The Reagan administration has told governments throughout the world that Cuba has made the Caribbean island nation of Grenada "a virtual client" and is plotting to control Nicaragua and overthrow the governments of El Salvador and Guatemala.

The U.S. assertions, contained in a lengthy confidential report on Cuban "covert activities" in Latin America, were dispatched to more than 50 American diplomatic posts early last month to be passed to political and governmental figures in the host countries.

The briefings for overseas leaders and governments are part of an administration drive, including public statements by its highest officials, to depict Cuba as an increasingly dangerous menace to international stability.

Secretary of State Alexander M. Haig Jr. will continue the drive this morning at a foreign ministers meeting of the Organization of American States at St. Lucia in the Caribbean. The State Department, while saying that Cuban activities are not on the formal agenda, has indicated that Haig plans to discuss the issue with Latin leaders in three days of bilateral conversations there.

Cuban President Fidel Castro, evidently reacting to the "covert activities" briefings and other similar efforts in recent months, has accused the United States of waging a "campaign of falsehoods and lies" to set the stage for actions "being prepared by the U.S. government against our country."

Haig and other senior administration officials have refused to rule out military or other action in Central America in response to Cuban activity and developments in Nicaragua, El Salvador, Guatemala and other nearby states. Discussions on the matter within top levels of the administration are reported to be at a sensitive stage.

The "covert activities" report, cabled from the State Department Nov. 8 to all U.S. diplomatic posts in the Americas and to 24 economically advanced nations throughout the world, charged that "since 1978 Cuba has markedly intensified covert efforts to stimulate armed violence and destabilize its neighbors, abandoning its earlier policy of fostering state-to-state relations."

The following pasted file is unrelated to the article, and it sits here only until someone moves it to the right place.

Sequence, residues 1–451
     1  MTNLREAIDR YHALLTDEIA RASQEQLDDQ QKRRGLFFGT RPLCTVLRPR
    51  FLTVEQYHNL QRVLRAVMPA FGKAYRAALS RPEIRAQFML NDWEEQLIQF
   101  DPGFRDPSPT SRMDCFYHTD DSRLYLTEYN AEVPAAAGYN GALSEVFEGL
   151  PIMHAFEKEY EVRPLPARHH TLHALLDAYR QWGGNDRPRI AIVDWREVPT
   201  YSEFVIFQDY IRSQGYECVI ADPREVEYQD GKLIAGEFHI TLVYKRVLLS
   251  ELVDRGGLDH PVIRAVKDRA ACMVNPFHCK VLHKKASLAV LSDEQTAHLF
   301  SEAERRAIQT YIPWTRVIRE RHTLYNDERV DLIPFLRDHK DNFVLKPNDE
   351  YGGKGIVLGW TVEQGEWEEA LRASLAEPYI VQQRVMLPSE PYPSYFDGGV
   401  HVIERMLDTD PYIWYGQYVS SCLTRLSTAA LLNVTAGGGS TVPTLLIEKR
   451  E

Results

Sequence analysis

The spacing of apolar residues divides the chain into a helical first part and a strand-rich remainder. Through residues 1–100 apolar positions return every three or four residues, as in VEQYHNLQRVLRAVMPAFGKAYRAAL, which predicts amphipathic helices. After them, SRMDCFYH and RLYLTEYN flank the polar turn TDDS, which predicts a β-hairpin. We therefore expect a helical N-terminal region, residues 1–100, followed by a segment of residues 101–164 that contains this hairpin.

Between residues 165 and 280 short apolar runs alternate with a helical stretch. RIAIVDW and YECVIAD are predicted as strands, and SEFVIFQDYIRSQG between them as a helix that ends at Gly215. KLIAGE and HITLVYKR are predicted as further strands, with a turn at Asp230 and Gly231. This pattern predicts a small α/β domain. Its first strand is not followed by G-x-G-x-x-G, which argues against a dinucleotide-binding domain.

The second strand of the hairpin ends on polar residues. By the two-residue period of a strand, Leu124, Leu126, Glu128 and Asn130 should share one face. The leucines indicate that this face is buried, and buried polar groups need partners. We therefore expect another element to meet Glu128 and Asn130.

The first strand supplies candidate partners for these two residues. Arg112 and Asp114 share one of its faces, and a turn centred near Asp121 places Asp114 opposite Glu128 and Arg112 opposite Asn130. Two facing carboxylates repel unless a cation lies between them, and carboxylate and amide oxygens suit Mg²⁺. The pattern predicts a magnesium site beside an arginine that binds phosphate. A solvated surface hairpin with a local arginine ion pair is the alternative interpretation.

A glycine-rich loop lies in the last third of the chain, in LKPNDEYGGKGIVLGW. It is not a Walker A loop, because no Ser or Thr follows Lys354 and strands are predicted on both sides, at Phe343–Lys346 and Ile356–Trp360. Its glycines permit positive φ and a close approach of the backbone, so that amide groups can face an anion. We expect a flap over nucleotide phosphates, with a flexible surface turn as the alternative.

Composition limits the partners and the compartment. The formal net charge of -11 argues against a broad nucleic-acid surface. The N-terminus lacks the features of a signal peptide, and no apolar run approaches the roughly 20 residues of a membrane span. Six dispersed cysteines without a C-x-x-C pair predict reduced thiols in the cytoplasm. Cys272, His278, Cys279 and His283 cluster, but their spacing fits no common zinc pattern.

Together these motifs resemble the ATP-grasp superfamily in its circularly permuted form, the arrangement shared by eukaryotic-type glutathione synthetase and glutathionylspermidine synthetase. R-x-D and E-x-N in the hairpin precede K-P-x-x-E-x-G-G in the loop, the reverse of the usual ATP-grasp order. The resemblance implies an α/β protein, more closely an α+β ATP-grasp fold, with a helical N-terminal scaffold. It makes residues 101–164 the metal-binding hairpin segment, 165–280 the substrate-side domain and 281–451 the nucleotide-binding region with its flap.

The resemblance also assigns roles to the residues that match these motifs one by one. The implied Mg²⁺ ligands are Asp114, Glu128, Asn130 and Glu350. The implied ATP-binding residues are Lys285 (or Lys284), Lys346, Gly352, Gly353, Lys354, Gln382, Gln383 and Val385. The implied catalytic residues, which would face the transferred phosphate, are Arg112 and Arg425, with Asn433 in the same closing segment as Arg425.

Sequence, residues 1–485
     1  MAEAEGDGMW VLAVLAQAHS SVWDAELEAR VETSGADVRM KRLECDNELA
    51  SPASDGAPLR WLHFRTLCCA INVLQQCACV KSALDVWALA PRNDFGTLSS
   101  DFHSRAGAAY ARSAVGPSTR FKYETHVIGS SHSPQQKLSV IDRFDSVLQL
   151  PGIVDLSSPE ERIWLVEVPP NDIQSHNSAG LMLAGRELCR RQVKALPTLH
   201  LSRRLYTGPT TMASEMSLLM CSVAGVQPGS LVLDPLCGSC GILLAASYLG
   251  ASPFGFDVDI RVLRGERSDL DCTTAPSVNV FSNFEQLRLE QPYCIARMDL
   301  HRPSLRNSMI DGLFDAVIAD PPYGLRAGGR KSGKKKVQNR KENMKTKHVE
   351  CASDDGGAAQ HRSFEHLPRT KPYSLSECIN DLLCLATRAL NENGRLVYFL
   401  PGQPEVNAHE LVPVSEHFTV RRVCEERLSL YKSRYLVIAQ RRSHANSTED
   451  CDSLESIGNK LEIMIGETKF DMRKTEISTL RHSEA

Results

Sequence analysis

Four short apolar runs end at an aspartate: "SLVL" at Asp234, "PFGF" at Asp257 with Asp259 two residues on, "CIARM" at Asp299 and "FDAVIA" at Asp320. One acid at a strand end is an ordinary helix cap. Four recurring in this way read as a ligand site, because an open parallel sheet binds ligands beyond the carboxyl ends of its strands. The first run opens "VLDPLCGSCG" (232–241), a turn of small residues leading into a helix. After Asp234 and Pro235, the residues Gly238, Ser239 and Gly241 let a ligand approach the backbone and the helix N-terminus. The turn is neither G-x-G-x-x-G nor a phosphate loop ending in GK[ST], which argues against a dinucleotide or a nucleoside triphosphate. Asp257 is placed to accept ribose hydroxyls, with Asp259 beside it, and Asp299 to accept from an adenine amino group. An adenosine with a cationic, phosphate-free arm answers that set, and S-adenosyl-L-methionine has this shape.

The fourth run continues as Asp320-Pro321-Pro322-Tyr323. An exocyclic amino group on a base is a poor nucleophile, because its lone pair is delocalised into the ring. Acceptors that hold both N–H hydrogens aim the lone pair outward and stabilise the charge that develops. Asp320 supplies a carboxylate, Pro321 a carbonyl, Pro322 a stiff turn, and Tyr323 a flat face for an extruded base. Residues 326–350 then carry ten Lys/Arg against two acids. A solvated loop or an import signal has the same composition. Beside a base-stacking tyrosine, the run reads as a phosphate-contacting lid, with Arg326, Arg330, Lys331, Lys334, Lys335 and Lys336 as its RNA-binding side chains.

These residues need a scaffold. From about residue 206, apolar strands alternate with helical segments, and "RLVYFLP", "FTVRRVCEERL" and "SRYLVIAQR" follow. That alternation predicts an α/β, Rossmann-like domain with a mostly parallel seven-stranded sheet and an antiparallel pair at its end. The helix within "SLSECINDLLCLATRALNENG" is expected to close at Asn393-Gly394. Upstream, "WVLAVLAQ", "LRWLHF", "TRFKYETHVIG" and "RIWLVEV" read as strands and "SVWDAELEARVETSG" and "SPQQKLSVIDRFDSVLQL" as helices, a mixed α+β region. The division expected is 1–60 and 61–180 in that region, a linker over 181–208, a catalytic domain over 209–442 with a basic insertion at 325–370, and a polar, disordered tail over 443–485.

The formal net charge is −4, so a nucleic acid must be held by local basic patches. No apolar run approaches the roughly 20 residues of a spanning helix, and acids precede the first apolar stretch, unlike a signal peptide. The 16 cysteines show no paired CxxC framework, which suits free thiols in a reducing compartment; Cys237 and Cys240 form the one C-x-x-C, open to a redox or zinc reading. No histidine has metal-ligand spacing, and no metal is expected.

The secret Cuban effort, according to the report, "does not discriminate between democratic governments and dictatorships" in the hemisphere. The report charged that "Democratic Colombia, Jamaica, Costa Rica and the Dominican Republic have all suffered Cuban interference in their internal affairs."

"Cuba's immediate goals are to exploit and control the revolution in Nicaragua and to induce the violent overthrow of the governments of El Salvador and Guatemala. At the same time, Cuba is working to sustain terrorism in other countries, and to fan political instability in the hemisphere," the document charged.

Most of the covert operations, according to the report, are planned and coordinated by the Americas department of the Cuban Communist Party. "Agents of the Americas department are present in every Cuban diplomatic mission in Latin America and the Caribbean--in at least five recent instances in the person of the ambassador or charge d'affaires," the report charged.

At least 22 Cubans attached to the Cuban Embassy in Mexico City and more than half of the Cuban government employes in Panama are intelligence agents, the U.S. document charged.

Among the specific allegations in the lengthy document are that:

* Cuban influence in Grenada "mushroomed" after the coup in March, 1979, that brought to power the current government, which "has slavishly followed a pro-Soviet foreign policy line."

Construction of a new Grenadan airport with "millions of dollars" from Cuba and Soviet equipment "will give Cuba a guaranteed, Cuban-controlled point for military flights to Africa," the U.S. document said.

* "Cuba presently is using Nicaraguan territory to provide training and other facilities to guerrillas active in neighboring countries."

The report alleged that 5,000 Cuban advisers of all sorts, including 1,500 to 2,000 military and security advisers, are working in Nicaragua, and that Cuba, the Soviet Union and Eastern European countries have supplied approximately $28 million worth of military equipment to Nicaragua, including tanks, light aircraft, helicopters, heavy artillery and surface-to-air missiles.

* Cuba "played a key role" in arranging the supply of weapons to Salvadoran guerrillas and has arranged contacts between the guerrillas and radical Arab states. In September, 1980, the report charged, Cuba "laundered" $500,000 in Iraqi funds for Salvadoran insurgents.

The State Department report on Cuban covert operations was presented to an Oct. 14-16 meeting in Brussels of Latin American experts of North Atlantic Treaty Organization countries before being cabled widely Nov. 8.

U.S. diplomats were instructed not to give the text of the report to the "appropriate political and governmental officials" who were to be presented with the gist of it. But the diplomats were asked to report "any significant reactions."